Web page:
Producers: Mel Eslyn, Jeff Baena, Alison Brie, Dylan Sellers and Chris Parker Director: Jeff Baena Screenplay: Jeff Baena, Alison Brie Cast: Alison Brie, Alessandro Nivola, Aubrey Plaza, Molly Shannon, Zach Woods, Ayden Mayeri, Ben Sinclair, Tim Heidecker, Debby Ryan, Fred Armisen, Ego Nwodim, Lauren Weedman, Lil Rel Howery, Jake Picking and Tricia Helfer Distributor: IFC Films
It’s fine when a film tries to be different, but sometimes the attempt goes haywire. Such is the case with “Spin Me Round,” an offbeat comedy that tries to juggle so many genres and tones that eventually the whole house of cards comes tumbling down.
It begins as a weak workplace comedy, with Amber (Alison Brie) the capable manager of a Bakersfield franchise of a mass-market Italian restaurant called Tuscan Grove, a chain popularized by family-friendly commercials starring its CEO Nick Martucci (Alessandro Nivola), though from what we see of the kitchen, the food is all pre-processed and probably tasteless.
Amber’s surprised when her boss (Lil Rel Howery) announces that he’d entered her for a program in which franchise managers are selected to travel to Italy to spend a week at Martucci’s villa in order to soak up the culture and study cuisine with the chain’s specialists. Her staff is supportive, and her roommate Emily (Ego Nwodim) thinks that the trip could bring romance and change her life.
Those high expectations quickly plummet when Amber and her fellow winners are installed not at the villa but in a run-down motel nearby, and have their passports confiscated and their freedom of movement strictly circumscribed by their snarky, oily overseer Craig (Ben Sinclair), while their days will be spent studying cooking with the chain’s menu-maker Liz (Lauren Weedman).
And of course her classmates are an oddball bunch. There are two guys, Fran (Tim Heidecker), a rude, arrogant know-it-all who flaunts the fact that he once appeared on a TV cooking contest, and Dana (Zach Woods), a dweeb who’s enthralled by the whole Tuscan Grove world. The younger women, Susie (Debbie Ryan) and Jen (Ayden Mayeri), are both more interested in a good time than restaurant study. And Deb (Molly Shannon), is a needy, clingy sort who latches onto Amber and is soon demanding that she be treated as her best friend—and turns into a vituperative shrew when she’s not.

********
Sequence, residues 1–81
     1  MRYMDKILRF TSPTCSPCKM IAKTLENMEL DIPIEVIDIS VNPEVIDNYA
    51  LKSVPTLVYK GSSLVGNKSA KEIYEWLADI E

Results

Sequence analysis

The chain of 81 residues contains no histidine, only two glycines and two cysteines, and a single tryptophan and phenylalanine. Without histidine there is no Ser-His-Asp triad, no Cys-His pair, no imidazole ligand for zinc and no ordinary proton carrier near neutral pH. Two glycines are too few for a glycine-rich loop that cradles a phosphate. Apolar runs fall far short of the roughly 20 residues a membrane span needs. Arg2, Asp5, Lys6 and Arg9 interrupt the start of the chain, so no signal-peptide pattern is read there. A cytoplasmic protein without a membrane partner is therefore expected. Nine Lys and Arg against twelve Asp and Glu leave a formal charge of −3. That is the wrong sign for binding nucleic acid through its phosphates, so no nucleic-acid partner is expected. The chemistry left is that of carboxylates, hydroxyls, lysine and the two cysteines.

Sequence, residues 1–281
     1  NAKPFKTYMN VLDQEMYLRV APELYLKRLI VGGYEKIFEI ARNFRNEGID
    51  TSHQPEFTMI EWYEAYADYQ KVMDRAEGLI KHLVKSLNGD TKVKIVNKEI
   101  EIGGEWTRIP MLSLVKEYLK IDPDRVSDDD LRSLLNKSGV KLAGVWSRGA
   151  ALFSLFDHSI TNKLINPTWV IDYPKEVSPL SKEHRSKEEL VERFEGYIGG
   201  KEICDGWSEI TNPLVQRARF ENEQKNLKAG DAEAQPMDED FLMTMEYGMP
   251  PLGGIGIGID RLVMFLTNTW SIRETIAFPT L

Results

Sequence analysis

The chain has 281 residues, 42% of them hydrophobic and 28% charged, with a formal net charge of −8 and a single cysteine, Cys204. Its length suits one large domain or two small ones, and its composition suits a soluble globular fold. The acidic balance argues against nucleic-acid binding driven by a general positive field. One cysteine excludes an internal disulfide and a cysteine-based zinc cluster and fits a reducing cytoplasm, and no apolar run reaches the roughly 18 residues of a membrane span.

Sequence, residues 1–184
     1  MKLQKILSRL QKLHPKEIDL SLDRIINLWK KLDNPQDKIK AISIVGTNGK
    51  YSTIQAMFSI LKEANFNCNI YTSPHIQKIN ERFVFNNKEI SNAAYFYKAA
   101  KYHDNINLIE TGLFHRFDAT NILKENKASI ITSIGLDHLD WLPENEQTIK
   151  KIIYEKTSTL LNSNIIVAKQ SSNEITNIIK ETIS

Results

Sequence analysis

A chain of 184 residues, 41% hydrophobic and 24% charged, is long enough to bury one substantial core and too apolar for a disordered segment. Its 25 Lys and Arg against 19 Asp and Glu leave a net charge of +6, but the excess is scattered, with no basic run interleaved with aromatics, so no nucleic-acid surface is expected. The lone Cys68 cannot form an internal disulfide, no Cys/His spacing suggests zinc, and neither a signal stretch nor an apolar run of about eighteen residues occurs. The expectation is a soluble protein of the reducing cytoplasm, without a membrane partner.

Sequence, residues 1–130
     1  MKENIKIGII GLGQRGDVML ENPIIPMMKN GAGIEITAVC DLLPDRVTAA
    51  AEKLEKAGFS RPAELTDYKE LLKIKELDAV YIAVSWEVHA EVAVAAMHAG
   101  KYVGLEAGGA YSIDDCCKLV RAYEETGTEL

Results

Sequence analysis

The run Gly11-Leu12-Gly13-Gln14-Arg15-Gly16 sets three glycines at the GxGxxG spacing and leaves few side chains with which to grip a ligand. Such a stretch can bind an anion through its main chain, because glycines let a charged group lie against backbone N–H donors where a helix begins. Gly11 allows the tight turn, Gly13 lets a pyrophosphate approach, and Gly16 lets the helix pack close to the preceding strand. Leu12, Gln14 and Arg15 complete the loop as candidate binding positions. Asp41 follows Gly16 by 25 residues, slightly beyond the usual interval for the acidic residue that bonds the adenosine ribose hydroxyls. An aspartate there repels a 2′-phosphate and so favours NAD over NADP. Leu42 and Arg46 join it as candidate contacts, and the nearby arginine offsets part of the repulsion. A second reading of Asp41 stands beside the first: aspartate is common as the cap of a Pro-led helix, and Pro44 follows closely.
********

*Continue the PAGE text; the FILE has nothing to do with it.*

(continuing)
So the movie has turned into a wacky “Office”-like farce.
But the tone grows darker when Martucci appears, along with his intense assistant Kat (Aubrey Plaza). He takes an interest in Amber, and Kat arranges for her to go on an outing with him on his yacht. Suddenly we’re apparently in rom-com territory, though with a curious edge in Martucci’s forwardness and his devotion to his late sister, whom Amber purportedly resembles. Is something really creepy going on here?
Then the film shifts into truly sinister mode, as Amber is invited to a party with Martucci at his friend Ricky’s (Fred Armisen) villa. The slimy sculptor-host and his wife (Tricia Helfer) give off a nasty vibe, and their son’s wife becomes positively abusive, forcing Amber to flee with Kat, who shows an interest in her as they roam the city.
But that’s not all: the picture now turns into a goofy parody of a Dario Argento-like giallo, with an “Eyes Wide Shut”-style orgy sequence and a supposed murder mystery shot in lurid colors and creepy camera angles, all enhanced by the music of Pino Donaggio, whose score echoes his work for the real thing decades ago. But by the time a drift of pigs is rushing around and the carabinieri show up, the movie has spun into tonal chaos. It’s never been particularly funny, but now it has become acutely unfunny.
That’s unfortunate, because the cast is capable of so much more. Brie is never able to get a handle on a character who’s perhaps naïve, but maybe just dense; and Nivola seems ill-at-ease throughout, failing to come across as the suavely irresistible type Martucci is apparently meant to be at the start and fumbling the character’s transition in the last act. The other actors are better off, with Plaza nailing Kat’s hardness and both Heidecker and Woods acing what are essentially caricatures. Shannon gets some laughs, but Deb’s shrillness goes too far by the close.
Of course there is compensation in the Italian locations and cinematographer Sean McElwee’s use of them, and in the elegance of the more splendid aspects of Patrick Lumb’s production design, as well as the more opulent of the costumes by Beth Morgan and Alexa Newman. But much of the picture is set in that grubby motel rather than in Italian villas or on the Mediterranean waves, and editor Ryan Brown is defeated by the screenplay’s shifts and stumbles.
Like the assembly-line Italian fare served at the Tuscan Grove, this grab-bag of a movie ends up a pretty indigestible affair–a cinematic meal with multiple courses that are mismatched and muddled.